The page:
Wednesday, November 26, 2008

On deck for Thanksgiving?

People are asking me, so I thought I'd post it to my blog.

What am I making for Thanksgiving?

A roasted Turkey (with gravy from the drippings)
Roasted garlic mashed potatoes
Sausage and leek stuffing
Ginger glazed carrots and parsnips
Cranberry sauce (not the canned crap)
Braised red cabbage and apples
Sauteed green beans with a brown butter sauce

As far as dessert, I am not making it. My mom has graciously agreed to handle them this year.

So I've told you what I'm making. Now it's your turn. What are you making for Thanksgiving this year?

Wednesday, November 12, 2008

RECIPE: herbed goat cheese roll

I've been serving this simple, yet delicious hors d'oeuvre for years. It is ridiculously easy to prepare and is always a hit.

Try it out at your next dinner party.


8 oz log of chevre cheese
1/4 cup chopped fresh italian parsley (Not that wretched curly parsley. Flat leaf only!)
1/8 cup chopped fresh thyme
Fresh cracked pepper (Seriously, right out of the pepper mill. Nothing else will do.)


Clear a flat work space for assembly. Basically you're going to be rolling the chevre log in the other ingredients, so you'll need enough room.

Take your parsley and thyme and mix together. Spread the herb mixture out on your work area. The "herb carpet" should be as wide as your chevre log and long enough that when you roll the log 360 degrees, it will become completely covered in herbs.

Now that your "herb carpet" is laid, it's time to crack some pepper! Pepper to taste, don't go too crazy, but don't skimp either. About a tablespoon will do. Make sure you evenly distribute pepper across the "herb carpet".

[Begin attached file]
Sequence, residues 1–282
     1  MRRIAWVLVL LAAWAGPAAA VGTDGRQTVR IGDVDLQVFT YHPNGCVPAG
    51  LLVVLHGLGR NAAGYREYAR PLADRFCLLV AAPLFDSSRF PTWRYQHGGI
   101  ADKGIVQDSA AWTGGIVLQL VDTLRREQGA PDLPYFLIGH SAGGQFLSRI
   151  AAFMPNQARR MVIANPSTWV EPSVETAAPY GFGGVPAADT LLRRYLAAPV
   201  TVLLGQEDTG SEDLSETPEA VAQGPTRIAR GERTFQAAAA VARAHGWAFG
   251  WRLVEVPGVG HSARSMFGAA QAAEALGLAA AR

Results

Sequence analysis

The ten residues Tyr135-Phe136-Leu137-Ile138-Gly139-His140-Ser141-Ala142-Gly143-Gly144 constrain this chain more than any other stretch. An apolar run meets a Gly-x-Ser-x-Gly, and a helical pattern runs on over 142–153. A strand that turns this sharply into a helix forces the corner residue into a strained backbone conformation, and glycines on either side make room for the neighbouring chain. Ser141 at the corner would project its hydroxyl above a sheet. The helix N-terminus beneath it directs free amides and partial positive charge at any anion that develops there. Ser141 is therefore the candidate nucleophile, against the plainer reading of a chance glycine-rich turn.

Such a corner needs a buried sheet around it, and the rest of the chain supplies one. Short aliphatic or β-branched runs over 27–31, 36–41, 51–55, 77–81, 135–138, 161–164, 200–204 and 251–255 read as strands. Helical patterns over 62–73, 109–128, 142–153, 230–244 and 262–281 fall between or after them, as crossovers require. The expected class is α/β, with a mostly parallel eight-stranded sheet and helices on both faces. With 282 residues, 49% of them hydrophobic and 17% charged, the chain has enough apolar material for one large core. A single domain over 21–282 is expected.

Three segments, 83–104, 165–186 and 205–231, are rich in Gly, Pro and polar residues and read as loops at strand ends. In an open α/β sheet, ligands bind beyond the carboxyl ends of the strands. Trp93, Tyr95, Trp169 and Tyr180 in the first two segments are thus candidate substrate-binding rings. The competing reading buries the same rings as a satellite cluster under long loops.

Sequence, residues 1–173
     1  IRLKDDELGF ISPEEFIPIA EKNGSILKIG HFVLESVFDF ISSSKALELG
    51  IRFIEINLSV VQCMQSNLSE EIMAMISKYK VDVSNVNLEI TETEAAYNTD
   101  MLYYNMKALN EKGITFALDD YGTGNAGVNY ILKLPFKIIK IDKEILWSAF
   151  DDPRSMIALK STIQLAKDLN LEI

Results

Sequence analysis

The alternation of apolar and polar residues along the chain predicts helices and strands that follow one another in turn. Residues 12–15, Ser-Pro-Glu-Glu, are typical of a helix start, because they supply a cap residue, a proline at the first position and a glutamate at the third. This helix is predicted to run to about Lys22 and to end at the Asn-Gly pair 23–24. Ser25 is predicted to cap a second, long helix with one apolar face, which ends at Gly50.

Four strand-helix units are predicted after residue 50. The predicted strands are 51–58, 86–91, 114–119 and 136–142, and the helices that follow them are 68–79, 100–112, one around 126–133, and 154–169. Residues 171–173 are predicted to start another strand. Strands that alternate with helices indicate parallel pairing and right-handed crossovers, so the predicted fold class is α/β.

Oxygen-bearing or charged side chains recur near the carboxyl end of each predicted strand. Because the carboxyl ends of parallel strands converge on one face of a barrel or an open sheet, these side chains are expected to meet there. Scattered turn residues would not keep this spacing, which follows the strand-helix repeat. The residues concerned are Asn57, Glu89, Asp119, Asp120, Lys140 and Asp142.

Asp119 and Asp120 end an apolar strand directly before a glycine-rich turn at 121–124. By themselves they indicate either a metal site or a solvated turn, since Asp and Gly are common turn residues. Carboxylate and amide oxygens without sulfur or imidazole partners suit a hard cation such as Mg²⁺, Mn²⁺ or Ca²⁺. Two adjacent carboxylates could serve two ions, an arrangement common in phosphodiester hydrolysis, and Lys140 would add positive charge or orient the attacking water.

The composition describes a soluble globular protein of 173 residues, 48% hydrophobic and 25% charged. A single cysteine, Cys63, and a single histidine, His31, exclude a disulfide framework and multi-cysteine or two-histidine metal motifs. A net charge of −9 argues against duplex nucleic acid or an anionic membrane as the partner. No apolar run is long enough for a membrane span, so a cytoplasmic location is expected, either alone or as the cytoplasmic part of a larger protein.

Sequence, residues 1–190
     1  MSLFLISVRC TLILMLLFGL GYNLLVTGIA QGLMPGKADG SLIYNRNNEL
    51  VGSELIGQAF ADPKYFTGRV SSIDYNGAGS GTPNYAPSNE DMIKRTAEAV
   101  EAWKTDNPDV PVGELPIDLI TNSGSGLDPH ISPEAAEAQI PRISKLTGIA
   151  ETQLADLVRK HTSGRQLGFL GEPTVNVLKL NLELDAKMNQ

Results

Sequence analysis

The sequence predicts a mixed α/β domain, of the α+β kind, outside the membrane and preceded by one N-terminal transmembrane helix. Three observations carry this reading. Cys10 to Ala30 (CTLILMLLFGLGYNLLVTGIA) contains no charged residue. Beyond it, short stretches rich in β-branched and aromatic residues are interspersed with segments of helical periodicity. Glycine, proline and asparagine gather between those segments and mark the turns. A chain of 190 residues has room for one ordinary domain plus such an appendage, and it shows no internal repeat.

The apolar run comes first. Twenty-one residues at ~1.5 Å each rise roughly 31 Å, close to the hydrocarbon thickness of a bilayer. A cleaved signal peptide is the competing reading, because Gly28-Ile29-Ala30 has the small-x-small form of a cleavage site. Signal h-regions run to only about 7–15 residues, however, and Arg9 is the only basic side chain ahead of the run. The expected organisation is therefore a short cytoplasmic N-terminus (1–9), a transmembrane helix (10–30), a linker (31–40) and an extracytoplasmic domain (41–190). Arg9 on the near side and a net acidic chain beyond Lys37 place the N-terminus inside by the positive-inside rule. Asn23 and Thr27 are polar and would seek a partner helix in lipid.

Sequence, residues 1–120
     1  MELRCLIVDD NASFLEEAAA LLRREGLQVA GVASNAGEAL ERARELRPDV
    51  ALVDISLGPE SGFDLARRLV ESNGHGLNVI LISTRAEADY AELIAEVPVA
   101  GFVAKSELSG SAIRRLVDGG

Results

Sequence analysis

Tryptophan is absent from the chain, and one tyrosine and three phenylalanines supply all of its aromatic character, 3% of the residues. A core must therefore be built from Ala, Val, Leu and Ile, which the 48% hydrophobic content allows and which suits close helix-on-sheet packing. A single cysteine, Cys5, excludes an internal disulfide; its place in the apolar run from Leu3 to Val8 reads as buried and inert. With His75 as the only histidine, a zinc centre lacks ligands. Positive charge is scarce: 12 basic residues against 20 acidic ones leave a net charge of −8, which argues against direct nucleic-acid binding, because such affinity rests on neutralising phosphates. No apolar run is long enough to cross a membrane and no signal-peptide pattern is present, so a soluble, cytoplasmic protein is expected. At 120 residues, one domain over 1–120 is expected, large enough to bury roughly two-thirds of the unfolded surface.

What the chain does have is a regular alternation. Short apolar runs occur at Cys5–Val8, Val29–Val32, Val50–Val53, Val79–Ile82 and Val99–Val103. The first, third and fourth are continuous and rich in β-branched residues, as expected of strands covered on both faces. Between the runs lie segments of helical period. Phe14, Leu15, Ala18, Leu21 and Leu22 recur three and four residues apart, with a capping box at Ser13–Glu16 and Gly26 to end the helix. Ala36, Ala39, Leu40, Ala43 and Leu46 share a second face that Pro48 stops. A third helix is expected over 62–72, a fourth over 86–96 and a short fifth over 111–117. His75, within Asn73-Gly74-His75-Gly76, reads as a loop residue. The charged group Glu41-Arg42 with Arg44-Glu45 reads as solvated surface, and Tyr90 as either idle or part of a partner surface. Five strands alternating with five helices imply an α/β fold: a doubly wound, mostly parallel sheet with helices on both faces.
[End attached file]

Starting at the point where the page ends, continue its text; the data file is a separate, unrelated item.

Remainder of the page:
Once done, take your log, place at the top of your "herb carpet". Roll towards you. The log won't pick everything up, but a few passes will get most.

Plate and serve with quality crackers or warmed bread.

Note: Roasted garlic makes an unbelievably tasty companion to your roll.

And please, let me know how it turns out by leaving a comment.

Tuesday, November 11, 2008

RECIPE: Spicy Pumpkin Soup

Courtesy of Tara Lamberson - Thanks T!

BTW, you could substitute butternut squash for this recipe (YUM)


4 Tbsp unsalted butter
2 medium yellow onions, chopped
2 teaspoons minced garlic
1/8 to 1/4 teaspoon crushed red pepper
2 teaspoons curry powder
1/2 teaspoon ground coriander
Pinch ground cayenne pepper (optional)
3 (15 oz) cans 100 percent pumpkin or 6 cups of chopped roasted pumpkin*
5 cups of chicken broth (or vegetable broth for vegetarian option)
2 cups of milk
1/2 cup brown sugar
1/2 cup heavy cream


1 Melt butter in a 4-quart saucepan over medium-high heat. Add onions and garlic and cook,
stirring often, until softened, about 4 minutes. Add spices and stir for a minute more.

2 Add pumpkin and 5 cups of chicken broth; blend well. Bring to a boil and reduce heat, simmer
for 10 to 15 minutes.

3 Transfer soup, in batches, to a blender or food processor. Cover tightly and blend until smooth.

Return soup to saucepan.

4 With the soup on low heat, add brown sugar and mix. Slowly add milk while stirring to
incorporate. Add cream. Adjust seasonings to taste. If a little too spicy, add more cream to cool it
down. You might want to add a teaspoon of salt.

Serve in individual bowls. Sprinkle the top of each with toasted pumpkin seeds.

Serves 8.

*To make pumpkin purée, cut a sugar pumpkin in half, scoop out the seeds and stringy stuff, lie
face down on a tin-foil lined baking pan. Bake at 350°F until soft, about 45 min to an hour. Cool, scoop out the flesh. Freeze whatever you don't use for future use.

Tuesday, November 4, 2008

Making your own butter

Making homemade butter is unbelievably easy!

Put some heavy whipping cream into a stand mixer and mix on med-high speed.

At some point, you'll end up with whipped cream. If you have some ice cream on hand, you can stop here ;) Keep mixing if you want to end up with butter.

Your whipped cream will get thicker and thicker until in an instant it separates leaving you with butter and buttermilk.

Using your hand remove the butter from the buttermilk, and begin to squeeze out the excess liquid. You can them knead the butter to get the rest out. Buttermilk will contribute to your butter turning rancid quickly.

Once done kneading, I'd suggest mixing in some sea salt, maybe some fresh cracked pepper. If you want to get really fancy, try mixing in some finely chopped fresh parsley and/or thyme.

Mon delice!